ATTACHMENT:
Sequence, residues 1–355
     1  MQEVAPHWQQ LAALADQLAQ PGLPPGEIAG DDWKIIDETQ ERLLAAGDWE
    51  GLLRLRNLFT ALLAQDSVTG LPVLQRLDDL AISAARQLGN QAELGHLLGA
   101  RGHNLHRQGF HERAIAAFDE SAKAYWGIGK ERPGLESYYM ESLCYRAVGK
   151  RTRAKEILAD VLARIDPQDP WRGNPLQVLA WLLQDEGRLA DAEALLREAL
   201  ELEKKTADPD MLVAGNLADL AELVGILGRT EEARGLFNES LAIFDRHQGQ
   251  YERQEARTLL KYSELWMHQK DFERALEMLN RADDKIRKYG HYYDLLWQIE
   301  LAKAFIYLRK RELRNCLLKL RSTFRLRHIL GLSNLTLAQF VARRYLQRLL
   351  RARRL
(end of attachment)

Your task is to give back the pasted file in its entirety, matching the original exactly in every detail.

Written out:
Sequence, residues 1–355
     1  MQEVAPHWQQ LAALADQLAQ PGLPPGEIAG DDWKIIDETQ ERLLAAGDWE
    51  GLLRLRNLFT ALLAQDSVTG LPVLQRLDDL AISAARQLGN QAELGHLLGA
   101  RGHNLHRQGF HERAIAAFDE SAKAYWGIGK ERPGLESYYM ESLCYRAVGK
   151  RTRAKEILAD VLARIDPQDP WRGNPLQVLA WLLQDEGRLA DAEALLREAL
   201  ELEKKTADPD MLVAGNLADL AELVGILGRT EEARGLFNES LAIFDRHQGQ
   251  YERQEARTLL KYSELWMHQK DFERALEMLN RADDKIRKYG HYYDLLWQIE
   301  LAKAFIYLRK RELRNCLLKL RSTFRLRHIL GLSNLTLAQF VARRYLQRLL
   351  RARRL